Governance is becoming increasingly important in universities just as it is in the wider world of commerce and banking. Historically, universities were run by their academic communities but as mass higher education has taken root, as university research has become a critical element in national economies and as the demand for more accountability both financial and in academic performance has grown, pressure has mounted for a ‘modernisation’ of governance structures.
One aspect of ‘modernisation’, particularly important in many European systems, and in Japan, has been the decision by governments to give institutions greater autonomy, more control over their budgets and legal responsibility for the employment of their staff. International trends to introduce greater competition between institutions, to encourage greater institutional differentiation and give greater play to market forces has led to an emphasis on leadership, a more systematic involvement of external stakeholders and a more ‘corporate style of governance. At the same time this has often led to a sense of loss of collegiality, a redistribution of authority and a growing gap between the ‘centre’ and the ‘periphery’ within universities.
This book analyses governance change in nine major higher education systems, Australia, Finland, France, Germany, Italy, Japan, Norway, the UK and the USA, each account being the result of independent research by a leading authority in the field and describes how a convergence of governance structures has been mediated by the historical, cultural, political and social characteristics of the different systems. Michael Shattock is a leading authority on university governance; this study offers the most up to date account of governance reform in a range of higher education systems, an analysis of the common trends and an assessment of their impact on the idea of a university. It will be essential reading for academics, postgraduates and practitioners in higher education.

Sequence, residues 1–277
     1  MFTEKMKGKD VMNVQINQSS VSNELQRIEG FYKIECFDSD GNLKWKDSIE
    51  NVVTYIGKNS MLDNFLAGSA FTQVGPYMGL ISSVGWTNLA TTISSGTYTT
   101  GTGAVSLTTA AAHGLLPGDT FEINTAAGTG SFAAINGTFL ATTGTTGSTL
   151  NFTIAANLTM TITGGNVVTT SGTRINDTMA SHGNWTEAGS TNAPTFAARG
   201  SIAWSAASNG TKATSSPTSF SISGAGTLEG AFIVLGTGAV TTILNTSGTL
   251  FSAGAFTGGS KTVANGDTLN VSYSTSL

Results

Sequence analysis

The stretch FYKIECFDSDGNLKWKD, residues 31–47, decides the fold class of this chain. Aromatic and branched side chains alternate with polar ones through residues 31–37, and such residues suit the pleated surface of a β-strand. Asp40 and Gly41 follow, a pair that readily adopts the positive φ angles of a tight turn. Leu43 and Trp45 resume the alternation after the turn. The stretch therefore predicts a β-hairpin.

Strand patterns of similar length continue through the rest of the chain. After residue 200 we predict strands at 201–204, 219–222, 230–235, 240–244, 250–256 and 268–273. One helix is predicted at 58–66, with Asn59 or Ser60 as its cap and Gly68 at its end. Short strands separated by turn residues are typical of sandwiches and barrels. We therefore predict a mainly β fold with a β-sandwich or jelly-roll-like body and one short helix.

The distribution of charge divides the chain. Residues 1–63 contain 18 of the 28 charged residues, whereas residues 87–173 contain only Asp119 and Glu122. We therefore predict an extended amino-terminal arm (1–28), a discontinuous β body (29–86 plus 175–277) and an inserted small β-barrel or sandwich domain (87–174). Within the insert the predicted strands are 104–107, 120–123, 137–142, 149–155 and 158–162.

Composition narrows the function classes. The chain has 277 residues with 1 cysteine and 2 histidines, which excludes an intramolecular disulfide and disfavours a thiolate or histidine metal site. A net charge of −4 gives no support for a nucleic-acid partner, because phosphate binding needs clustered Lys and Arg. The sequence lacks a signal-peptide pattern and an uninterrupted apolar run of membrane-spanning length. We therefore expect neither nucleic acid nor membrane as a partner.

Table of Contents
List of Contributors Series Editor’s Introduction 1.The context of ‘modernising’ reforms in university governance The Humboldtian model: Germany, Norway, Finland 2. New forms of governance in Germany 3. Troublesome institutional autonomy. Governance and the distribution of authority in Norwegian universities 4. Finnish University Reform: background, conditioning circumstances and… the reality The Napoleonic model: France, Italy 5. The impact of recent reforms on the institutional governance of French universities 6. Autonomy for what? The university mission in a centralised higher education system—the case of Italy The Japanese model: Japan 7. Reforming national universities in Japan: implications for governance The historically incorporated model: the UK, Australia and the USA 8. University governance in the UK: bending the traditional model 9. International, hierarchical and market influences on Australian university governance 10. Academic governance in the US: implications of a ‘commons’ perspective 11. Autonomy, self government and the distribution of authority: international trends in university governance
Michael Shattock is a Visiting Professor in the Centre for Higher Education Studies at the Institute of Education, University of London; he was previously Registrar of the University of Warwick. He is a leading authority on university governance and has published over 90 articles and chapters and 10 books, the most recent of which are: Managing Good Governance in Higher Education (2006), Managing Successful Universities (2010) and Making Policy in British Higher Education 1945–2011 (2012). He is widely known for his international advisory work in the field of governance and management of systems and institutions of higher education.
"In chasing international trends, this book contributes to the literature by drawing upon the seismic transformations of the last decade to analyse the impact upon national traditions (and regional models) of university governance." - Jen Tsen Kwok, Australian Universities' Review, September 2015